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June 13, 2003   Email to Friend 

Debra Davis
(334) 613-4686
June 13, 2003

AUBURN, Ala. -- Is the Southeast fated to become the next New Jersey? How can rustic rural areas across the region survive the onslaught of the most rapid population growth in the United States?

Questions about the future of rural areas are at the heart of a major initiative of Auburn University's Center for Forest Sustainability. In the search for better ways to manage urbanization, the research center has drawn together up to 16 researchers and an equal number of graduate students from five diverse colleges and schools at Auburn.

"We are dealing with quality of life and economic issues on a scale that would overwhelm any single discipline," says Graeme Lockaby, the center's director and a professor in the AU College of Forestry and Wildlife Sciences.

"This is not just about land use," Lockaby added. "We are studying factors in combination with one another to produce a more comprehensive picture of the urban-rural interface."

With that knowledge, he said, cities and states will be better able to manage the growth for maximum economic impact and the best quality of life.

"It is not a question of whether urbanization occurs but how it occurs," said Lockaby. "We are optimistic that we can introduce more compatibility into the equation."

Started two years ago as one of seven Peaks of Excellence research initiatives at AU, the Center for Forest Sustainability is examining urban expansion issues between two of Georgia's largest cities -- Atlanta and Columbus -- and in Alabama's high-growth area between Birmingham and Huntsville, as well as other areas near those cities.

Growth in those areas is outpacing the ability of urban and county governments to maintain services. Rapid, uncontrolled growth is also creating unwanted risks as well as opportunities for developers, taking crop and timberland out of production and diminishing the quality of life and the environment for rural dwellers and landowners.

"Land-use issues in the urban-rural interface can get very complicated," Lockaby said. "Most of these issues are not matters of right and wrong but of well-meaning people trying to protect their investment, either in the land or business or in their quality of life."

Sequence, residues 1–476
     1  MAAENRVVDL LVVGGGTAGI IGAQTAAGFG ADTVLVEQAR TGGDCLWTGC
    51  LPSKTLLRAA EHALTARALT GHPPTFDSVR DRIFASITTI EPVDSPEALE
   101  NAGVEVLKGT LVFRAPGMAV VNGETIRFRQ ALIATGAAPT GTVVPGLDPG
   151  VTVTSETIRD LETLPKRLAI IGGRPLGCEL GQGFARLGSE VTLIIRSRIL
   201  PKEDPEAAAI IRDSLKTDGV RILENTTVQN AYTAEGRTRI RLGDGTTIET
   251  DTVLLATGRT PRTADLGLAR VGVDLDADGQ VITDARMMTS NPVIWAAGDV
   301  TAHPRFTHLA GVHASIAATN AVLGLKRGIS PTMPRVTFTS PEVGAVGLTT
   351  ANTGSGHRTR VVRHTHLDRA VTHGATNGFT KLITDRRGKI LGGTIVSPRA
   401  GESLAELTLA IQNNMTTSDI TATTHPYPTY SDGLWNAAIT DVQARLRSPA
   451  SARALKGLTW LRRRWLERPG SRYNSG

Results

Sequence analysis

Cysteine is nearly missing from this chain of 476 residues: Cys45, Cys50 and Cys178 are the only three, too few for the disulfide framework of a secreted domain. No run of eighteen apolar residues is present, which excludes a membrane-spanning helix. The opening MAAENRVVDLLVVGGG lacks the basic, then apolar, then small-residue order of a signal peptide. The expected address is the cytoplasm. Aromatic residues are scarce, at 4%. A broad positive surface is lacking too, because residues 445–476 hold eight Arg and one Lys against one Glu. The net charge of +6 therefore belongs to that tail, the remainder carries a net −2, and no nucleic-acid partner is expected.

The AU center brought together on-campus experts in agricultural economics, agronomy, anthropology, architecture, biosciences, geography, forestry and wildlife sciences. These scientists are developing a computer model to help guide urban expansion into rural areas.

The comprehensive model can be used to predict land use patterns, water quality, distribution of forests and bird populations and other results of future development scenarios.

While many land-use studies focus on one or two aspects of growth in a single city or county, the comprehensive model and its subsets will eventually enable planners to examine these questions at regional scales.

The model will assess the relationships among variables such as development alternatives, economic impacts, water quality, loss of forest land and wildlife habitat and changes to the area's culture and historical features.

Timber companies and owners of forest land are especially threatened by urbanization, which drives up the cost of forest land and pushes out forest-related industries along with farmers and rural dwellers.

Lockaby said the model and its subsets will help those industries and landowners maintain forest land in an economically viable manner as urban expansion continues.

Initial results in the Atlanta-Columbus corridor of west-central Georgia are encouraging and hold promise for the North Alabama studies, as well, Lockaby said.

"We have had a lot of support from citizens' groups and local planning agencies, and we have had widespread acceptance by landowners," he said. "This has enabled us to gather data that otherwise would be very difficult to obtain.

"We have had the most enthusiastic reception of any research project I have ever worked on," said Lockaby, who holds a Ph.D. from Mississippi State University and has been a member of the Auburn faculty since 1986. "Models are not an end in themselves," he noted. "The purpose is to help anticipate and plan for change."

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